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Evolution of Transanal Approaches to Rectal Surgery

Alongside these minimally invasive transabdominal approaches to colorectal surgery, transanal techniques for the removal of rectal lesions have been developed. Over the last three decades, TEM has provided excellent endoscopic local control for proximal rectal lesions through improved visualization and full thickness resection, resulting in decreased fragmentation of specimens relative to conventional transanal excision.[64] [65] [66] In addition, TEM has been associated with exceedingly low mortality and morbidity relative to radical proctectomy.[67] [68] More recently, transanal minimally invasive surgery (TAMIS), a newer technique that utilizes flexible and disposable transanal endoscopic platforms and accommodates traditional laparoscopic instruments, has accelerated the popularity of transanal endoscopic surgery worldwide.[69] [70] [71] [72] Inherent limitations of TEM and TAMIS apply to all local excision techniques, namely the lack of mesorectal clearance with prohibitively high recurrence rates when used to resect T2 and more advanced rectal tumors. As a result, TEM and TAMIS are only indicated for resection of benign rectal lesions and carefully selected T1 rectal tumors with low-risk features, as local recurrence rates for those lesions after TEM are similar to rates after TME.[73] [74] [75] [76] [77] [78] [79] [80] [81]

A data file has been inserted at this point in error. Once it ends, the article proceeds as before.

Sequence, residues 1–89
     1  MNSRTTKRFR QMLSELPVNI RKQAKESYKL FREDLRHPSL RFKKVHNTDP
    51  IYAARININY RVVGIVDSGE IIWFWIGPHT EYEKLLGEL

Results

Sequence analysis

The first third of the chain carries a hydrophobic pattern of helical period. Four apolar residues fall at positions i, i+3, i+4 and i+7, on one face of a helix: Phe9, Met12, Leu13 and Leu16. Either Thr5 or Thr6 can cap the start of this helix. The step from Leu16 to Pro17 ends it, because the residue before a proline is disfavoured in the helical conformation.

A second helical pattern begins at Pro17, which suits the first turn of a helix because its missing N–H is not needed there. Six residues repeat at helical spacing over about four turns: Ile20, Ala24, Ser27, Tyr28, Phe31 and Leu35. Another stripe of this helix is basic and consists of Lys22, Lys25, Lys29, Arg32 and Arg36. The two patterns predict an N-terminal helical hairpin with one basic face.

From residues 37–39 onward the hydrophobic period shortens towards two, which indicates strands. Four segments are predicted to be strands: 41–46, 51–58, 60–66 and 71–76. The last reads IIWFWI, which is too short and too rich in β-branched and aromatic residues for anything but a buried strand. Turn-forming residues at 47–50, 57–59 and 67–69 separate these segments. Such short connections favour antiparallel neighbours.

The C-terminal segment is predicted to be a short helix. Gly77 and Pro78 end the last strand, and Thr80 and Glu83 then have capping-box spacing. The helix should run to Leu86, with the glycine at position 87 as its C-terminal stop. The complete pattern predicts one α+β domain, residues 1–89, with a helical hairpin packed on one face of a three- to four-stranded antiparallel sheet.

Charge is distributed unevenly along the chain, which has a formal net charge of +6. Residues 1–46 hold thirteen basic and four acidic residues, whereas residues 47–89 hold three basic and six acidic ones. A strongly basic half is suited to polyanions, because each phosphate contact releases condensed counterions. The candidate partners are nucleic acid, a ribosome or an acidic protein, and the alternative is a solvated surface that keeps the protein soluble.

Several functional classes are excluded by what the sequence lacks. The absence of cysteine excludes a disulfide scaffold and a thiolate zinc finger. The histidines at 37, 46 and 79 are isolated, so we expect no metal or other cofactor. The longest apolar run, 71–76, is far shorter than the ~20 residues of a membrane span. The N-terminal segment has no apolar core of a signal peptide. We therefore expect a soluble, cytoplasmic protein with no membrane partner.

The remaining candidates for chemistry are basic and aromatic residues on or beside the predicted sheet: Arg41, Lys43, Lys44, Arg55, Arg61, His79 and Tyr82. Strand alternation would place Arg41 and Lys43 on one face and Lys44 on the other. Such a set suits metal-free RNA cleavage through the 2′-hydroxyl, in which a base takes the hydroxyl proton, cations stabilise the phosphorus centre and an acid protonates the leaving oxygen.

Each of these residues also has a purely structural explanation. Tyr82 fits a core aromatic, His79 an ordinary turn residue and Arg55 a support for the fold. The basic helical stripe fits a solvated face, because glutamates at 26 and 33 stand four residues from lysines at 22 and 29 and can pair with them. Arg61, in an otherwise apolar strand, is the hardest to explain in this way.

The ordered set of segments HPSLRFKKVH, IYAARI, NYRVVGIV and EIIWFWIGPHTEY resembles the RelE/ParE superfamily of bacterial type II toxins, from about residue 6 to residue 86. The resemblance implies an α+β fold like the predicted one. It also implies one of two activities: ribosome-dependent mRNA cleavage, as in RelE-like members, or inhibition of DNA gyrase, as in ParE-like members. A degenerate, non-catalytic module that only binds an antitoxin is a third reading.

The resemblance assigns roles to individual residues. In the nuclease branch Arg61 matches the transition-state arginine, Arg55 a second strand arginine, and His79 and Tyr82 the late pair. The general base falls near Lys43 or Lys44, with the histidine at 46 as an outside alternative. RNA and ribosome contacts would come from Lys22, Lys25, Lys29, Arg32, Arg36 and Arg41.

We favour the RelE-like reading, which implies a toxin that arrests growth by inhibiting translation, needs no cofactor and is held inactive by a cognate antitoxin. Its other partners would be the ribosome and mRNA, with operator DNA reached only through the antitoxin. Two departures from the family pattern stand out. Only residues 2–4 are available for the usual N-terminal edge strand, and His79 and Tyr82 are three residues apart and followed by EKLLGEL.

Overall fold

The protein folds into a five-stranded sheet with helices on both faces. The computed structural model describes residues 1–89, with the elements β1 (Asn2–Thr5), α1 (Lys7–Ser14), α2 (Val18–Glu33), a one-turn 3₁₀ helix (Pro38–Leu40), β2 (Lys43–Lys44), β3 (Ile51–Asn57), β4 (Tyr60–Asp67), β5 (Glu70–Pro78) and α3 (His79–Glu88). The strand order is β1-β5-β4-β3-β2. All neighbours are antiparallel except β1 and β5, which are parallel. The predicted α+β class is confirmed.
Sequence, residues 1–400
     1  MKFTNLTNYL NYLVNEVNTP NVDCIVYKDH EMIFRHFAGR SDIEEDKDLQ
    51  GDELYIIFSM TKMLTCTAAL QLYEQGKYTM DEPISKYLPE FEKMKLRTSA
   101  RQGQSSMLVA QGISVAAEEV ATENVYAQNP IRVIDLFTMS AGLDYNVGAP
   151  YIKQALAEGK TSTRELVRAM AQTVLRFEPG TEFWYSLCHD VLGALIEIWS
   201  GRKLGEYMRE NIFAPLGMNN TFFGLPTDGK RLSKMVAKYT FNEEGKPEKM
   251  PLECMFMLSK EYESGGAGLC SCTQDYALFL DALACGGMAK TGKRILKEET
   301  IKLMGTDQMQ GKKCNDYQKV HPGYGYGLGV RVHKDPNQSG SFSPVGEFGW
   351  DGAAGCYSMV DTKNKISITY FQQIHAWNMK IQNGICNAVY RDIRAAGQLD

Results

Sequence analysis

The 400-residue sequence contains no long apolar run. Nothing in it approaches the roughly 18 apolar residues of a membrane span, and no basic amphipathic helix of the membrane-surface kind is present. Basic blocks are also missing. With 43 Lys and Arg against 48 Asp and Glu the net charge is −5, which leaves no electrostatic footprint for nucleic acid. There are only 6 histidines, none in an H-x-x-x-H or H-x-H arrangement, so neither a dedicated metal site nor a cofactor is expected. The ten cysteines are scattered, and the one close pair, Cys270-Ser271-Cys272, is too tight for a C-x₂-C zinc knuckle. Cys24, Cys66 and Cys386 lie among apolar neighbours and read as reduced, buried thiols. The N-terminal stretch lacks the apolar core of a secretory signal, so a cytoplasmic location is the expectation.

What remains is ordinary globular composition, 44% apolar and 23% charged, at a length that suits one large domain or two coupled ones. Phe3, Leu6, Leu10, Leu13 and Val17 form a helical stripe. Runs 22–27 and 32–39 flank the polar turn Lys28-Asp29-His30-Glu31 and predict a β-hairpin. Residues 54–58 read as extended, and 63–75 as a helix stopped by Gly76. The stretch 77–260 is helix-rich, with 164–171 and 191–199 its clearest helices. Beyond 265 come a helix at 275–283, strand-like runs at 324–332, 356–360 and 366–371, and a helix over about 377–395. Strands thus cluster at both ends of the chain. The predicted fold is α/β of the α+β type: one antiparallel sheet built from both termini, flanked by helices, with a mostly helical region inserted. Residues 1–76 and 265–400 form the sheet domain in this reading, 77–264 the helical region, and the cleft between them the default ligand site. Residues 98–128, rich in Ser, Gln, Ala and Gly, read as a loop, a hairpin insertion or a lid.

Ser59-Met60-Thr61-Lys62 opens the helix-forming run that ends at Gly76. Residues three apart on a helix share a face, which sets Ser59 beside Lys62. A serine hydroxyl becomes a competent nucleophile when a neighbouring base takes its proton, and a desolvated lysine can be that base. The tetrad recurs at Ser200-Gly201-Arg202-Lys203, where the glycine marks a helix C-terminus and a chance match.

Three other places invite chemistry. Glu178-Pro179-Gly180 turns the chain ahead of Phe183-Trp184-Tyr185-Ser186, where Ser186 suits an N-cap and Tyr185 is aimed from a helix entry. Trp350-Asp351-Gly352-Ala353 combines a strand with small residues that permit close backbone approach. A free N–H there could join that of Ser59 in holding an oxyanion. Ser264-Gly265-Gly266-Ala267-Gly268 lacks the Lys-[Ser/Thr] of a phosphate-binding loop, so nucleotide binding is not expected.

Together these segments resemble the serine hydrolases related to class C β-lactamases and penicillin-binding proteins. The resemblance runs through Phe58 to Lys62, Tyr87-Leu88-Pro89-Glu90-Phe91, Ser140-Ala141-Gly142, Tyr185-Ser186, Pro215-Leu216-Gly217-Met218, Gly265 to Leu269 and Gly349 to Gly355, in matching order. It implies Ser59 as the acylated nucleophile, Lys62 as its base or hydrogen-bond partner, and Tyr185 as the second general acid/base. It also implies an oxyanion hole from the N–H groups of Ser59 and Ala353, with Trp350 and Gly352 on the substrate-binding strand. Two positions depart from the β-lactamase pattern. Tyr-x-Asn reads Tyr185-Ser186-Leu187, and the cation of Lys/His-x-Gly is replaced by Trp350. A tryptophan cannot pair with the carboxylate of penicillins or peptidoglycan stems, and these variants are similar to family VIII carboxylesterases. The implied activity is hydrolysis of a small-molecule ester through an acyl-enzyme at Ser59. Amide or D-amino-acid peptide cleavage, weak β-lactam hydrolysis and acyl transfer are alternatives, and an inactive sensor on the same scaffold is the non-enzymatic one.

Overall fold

Transanal NOTES expands the conventional indications of TEM and TAMIS by taking advantage of the exposure and access provided by transanal endoscopic platforms. Transanal rectal distention with Co 2 combined with magnified TEM and TAMIS optics permits excellent visualization of tissue planes and precise tissue manipulation.[82] Full thickness rectal dissection can be extended beyond the rectal wall to encompass the mesorectum, and pneumodissection facilitates identification of the presacral space and rectovaginal or rectoprostatic plane ([Fig. 1]). This transanal endoscopic “down-to-up” approach may be particularly helpful in patients with a narrow pelvis and significant visceral obesity, in whom laparoscopic pelvic dissection would be challenging and where the risk for conversion to open surgery is the highest.[43] [83] [84]

Zoom Image